How to Select and Prepare Great Code Samples

1. Is the code clean, clear, and coherent?

There’s a joke amongst developers that you should write code as if the person who needs to maintain it is a violent psychopath who knows where you live. I want to hire developers who write code that others understand and enjoy maintaining. To that end, I expect samples to be readable and well-formatted. I expect methods and variables to be named clearly. I expect to be able to understand at a mere glance what a block of code will do. I don’t want to see clever, showboating code; I want to see code that anyone could read and understand.

2. Is the code well-documented?

Great inline documentation is the sign of a mature and thoughtful developer. When I read code samples, I hope to see a good balance of inline documentation. No documentation is lousy, as is too much. Inline docs should add to the code, not repeat it.

3. Is the code novel?

I’ve seen plenty of code samples that are little more than a call to WordPress’ register_post_type(), or something along those lines. That's akin to applying to be a chef and cooking off-the-shelf mac and cheese to demonstrate your abilities. If you want to cook in our kitchen, you need to demonstrate that you can prepare a novel dish on your own. When I read code samples, I want to see some flavor. I want to see code that solves an interesting problem, and does so as simply and elegantly as possible.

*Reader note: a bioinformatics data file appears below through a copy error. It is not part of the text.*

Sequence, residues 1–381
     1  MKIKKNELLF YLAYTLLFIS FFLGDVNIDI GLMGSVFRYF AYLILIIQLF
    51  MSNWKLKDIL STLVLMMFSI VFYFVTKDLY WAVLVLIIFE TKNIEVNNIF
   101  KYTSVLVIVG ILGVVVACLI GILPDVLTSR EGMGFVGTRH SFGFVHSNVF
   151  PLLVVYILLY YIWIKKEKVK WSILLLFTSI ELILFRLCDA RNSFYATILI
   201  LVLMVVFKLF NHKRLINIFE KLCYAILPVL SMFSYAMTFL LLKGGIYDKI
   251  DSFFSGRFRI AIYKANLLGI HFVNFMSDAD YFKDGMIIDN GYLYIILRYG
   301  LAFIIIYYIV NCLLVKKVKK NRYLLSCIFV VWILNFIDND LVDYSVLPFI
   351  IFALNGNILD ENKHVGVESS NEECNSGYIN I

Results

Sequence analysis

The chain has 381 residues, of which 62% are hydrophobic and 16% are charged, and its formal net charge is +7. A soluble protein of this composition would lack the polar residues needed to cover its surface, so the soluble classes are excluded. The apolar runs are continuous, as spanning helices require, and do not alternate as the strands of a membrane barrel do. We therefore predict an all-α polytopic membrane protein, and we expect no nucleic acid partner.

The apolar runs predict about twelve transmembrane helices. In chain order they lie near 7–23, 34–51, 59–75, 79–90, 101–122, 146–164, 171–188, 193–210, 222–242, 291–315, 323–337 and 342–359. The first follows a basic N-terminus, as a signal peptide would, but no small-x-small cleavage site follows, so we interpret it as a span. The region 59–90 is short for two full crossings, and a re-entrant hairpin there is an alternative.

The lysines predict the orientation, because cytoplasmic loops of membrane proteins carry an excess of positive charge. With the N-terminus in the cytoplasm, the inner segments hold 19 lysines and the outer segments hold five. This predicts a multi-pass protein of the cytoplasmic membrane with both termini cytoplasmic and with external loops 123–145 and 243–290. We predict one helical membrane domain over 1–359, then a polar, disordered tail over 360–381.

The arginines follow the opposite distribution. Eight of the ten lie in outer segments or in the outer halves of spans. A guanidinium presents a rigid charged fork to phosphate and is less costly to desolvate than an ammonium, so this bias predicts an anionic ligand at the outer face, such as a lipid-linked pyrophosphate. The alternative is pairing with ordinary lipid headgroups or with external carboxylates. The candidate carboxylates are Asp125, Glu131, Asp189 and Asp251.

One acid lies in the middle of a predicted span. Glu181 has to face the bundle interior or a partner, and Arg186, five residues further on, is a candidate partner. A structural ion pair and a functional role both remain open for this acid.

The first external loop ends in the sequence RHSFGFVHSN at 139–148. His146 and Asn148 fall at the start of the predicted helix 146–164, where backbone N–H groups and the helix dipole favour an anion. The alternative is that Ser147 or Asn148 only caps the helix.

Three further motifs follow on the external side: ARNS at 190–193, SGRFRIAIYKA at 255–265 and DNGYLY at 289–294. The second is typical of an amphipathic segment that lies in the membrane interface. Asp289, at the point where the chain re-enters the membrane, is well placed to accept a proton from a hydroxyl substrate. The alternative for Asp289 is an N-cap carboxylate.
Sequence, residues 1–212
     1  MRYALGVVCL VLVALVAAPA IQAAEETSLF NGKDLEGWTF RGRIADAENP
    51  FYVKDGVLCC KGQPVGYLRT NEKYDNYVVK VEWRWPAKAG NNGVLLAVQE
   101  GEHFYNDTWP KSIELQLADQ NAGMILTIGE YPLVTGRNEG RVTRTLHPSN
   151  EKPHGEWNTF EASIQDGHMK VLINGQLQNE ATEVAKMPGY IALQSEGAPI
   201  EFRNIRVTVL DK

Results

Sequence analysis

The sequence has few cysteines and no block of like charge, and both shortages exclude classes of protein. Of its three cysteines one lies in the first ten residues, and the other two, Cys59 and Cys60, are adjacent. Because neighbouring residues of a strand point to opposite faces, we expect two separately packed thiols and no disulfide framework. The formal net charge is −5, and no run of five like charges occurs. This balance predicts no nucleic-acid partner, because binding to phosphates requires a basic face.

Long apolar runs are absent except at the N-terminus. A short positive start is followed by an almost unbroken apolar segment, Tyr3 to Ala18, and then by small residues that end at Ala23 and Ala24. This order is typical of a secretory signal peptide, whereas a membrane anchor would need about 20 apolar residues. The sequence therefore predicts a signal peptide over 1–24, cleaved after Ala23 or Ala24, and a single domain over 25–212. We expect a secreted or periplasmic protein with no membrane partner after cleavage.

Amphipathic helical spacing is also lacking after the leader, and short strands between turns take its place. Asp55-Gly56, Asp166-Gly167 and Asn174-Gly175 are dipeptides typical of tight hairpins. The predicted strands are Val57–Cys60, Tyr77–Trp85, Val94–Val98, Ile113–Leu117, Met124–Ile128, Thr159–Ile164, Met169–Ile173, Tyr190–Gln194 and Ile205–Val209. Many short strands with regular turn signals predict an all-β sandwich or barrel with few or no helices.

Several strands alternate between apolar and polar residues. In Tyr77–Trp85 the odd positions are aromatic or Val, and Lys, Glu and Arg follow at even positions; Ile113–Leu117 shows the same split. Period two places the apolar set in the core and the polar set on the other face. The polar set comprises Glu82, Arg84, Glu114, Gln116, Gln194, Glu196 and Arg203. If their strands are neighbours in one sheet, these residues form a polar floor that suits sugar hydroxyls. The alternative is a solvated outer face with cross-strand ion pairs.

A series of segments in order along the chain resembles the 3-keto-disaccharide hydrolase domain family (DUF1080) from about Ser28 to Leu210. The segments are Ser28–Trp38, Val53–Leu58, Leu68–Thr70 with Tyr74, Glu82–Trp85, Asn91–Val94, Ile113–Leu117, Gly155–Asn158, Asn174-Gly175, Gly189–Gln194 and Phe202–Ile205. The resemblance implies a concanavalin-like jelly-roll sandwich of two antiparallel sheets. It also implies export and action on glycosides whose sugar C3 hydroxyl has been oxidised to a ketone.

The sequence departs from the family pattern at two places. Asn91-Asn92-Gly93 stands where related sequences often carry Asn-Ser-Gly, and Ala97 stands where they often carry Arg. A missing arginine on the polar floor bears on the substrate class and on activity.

4. Does the code show understanding of the problem it solves?

I see many code samples that are obvious Frankensteins of Stack Overflow snippets, copypasta that a developer stitched together without proper understanding of how or why it works. That’s not to say that using solutions found on Stack Overflow is a bad thing — certainly not! But it can be fairly obvious when a developer pastes something in that they don’t understand, especially when part of that code has literally no impact on the function in which it runs.

5. Is the code good?

Lastly, I want to see if the code is, as objectively as possible, good. Is it performant? Is it secure? Is it over- or under-engineered? Would I deliver this code to a client?

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